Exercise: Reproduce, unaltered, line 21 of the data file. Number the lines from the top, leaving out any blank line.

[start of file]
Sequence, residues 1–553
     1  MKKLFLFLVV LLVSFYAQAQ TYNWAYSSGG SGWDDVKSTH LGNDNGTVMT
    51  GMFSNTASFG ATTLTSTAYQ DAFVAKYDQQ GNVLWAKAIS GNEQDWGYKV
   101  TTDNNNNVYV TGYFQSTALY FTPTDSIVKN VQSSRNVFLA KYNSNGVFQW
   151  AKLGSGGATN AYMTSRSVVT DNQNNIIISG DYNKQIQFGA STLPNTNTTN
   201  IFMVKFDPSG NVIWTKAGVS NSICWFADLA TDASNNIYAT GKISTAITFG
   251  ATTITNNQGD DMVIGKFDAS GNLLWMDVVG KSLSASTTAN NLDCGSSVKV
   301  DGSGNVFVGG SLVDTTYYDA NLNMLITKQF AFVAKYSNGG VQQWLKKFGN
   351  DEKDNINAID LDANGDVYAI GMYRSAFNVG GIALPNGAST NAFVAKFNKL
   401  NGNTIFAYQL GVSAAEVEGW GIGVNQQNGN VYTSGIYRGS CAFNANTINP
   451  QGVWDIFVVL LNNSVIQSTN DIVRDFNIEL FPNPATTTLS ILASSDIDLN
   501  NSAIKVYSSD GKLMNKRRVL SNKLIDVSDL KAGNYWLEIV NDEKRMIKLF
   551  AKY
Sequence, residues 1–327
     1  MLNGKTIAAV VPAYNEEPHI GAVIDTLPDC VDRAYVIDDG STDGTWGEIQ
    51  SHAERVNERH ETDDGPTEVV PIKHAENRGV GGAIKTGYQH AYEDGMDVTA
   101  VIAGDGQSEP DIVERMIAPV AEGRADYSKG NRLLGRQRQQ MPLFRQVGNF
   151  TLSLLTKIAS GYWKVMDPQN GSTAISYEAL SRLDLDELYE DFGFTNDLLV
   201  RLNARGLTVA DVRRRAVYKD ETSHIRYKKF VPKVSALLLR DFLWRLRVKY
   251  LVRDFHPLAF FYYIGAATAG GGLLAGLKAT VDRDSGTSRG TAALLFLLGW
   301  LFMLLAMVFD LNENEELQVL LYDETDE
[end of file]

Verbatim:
   301  LFMLLAMVFD LNENEELQVL LYDETDE